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The title says it all, basically.

Are there any deterministic compression algorithms - that is, an algorithm which, given identical input, will always produce identical output?

As far as I know, all widely-used compression algoritms are "adaptive" and will vary their output based on whatever heuristic they happen to be using at the moment.

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    You seem to make a wrong assumption here (see answer below), or you mean something different than what you wrote. Please clarify. – Doc Brown Aug 18 '15 at 7:49
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Most compression algorithms are deterministic. Being "adaptive" in no way contradicts being "deterministic": it only means varying behavior based on input, so if the input is the same, so will be the output.

You can easily verify this by compressing the same file several times using an algorithm of your choice (zip, gzip, bzip2, 7z, etc.) and comparing the outputs. For example on linux, you can run this command several times to compress the file /etc/fstab and compare if its checksum is the same each time: gzip < /etc/fstab | md5sum -.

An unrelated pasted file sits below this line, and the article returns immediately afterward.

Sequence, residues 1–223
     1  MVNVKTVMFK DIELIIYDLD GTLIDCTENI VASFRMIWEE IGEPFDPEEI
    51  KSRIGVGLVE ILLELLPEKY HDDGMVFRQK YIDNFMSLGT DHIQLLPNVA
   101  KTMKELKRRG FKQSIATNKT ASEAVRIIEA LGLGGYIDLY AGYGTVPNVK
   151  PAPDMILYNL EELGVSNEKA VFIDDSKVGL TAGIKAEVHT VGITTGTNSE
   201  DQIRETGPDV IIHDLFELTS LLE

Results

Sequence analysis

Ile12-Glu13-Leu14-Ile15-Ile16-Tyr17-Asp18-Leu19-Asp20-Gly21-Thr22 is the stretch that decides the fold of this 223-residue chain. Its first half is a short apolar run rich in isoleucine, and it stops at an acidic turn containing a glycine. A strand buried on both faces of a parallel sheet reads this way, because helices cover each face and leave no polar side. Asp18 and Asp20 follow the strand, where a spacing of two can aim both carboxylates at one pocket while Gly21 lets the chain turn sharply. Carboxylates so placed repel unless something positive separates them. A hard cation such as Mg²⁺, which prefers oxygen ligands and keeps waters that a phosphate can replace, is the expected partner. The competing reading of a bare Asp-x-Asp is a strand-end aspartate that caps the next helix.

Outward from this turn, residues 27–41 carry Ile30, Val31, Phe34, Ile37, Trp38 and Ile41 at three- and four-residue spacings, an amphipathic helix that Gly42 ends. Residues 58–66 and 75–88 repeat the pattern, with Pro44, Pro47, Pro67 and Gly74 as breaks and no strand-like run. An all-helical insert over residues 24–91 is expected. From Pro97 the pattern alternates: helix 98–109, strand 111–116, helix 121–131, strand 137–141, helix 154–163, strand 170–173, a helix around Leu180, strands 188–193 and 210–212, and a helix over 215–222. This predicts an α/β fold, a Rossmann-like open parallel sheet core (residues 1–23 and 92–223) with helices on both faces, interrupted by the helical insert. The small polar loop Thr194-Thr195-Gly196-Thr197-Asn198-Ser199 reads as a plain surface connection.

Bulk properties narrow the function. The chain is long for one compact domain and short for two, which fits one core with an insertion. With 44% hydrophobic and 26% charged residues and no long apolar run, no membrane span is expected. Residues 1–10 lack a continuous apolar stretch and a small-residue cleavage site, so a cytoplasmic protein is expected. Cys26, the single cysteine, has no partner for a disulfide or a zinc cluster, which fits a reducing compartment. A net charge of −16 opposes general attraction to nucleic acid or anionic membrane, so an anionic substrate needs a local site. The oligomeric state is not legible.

• though the algorithm itself is indeed deterministic, the implementation will sometimes store additionnal information (file permissions, timestamps etc) which can make it look like the output is not deterministic. adding a touch on the file between the compress and decompress can generate a different zip even though the file's content did not change. That being said, it's still deterministic once all parameters are factored in. – Newtopian Sep 27 '16 at 15:19

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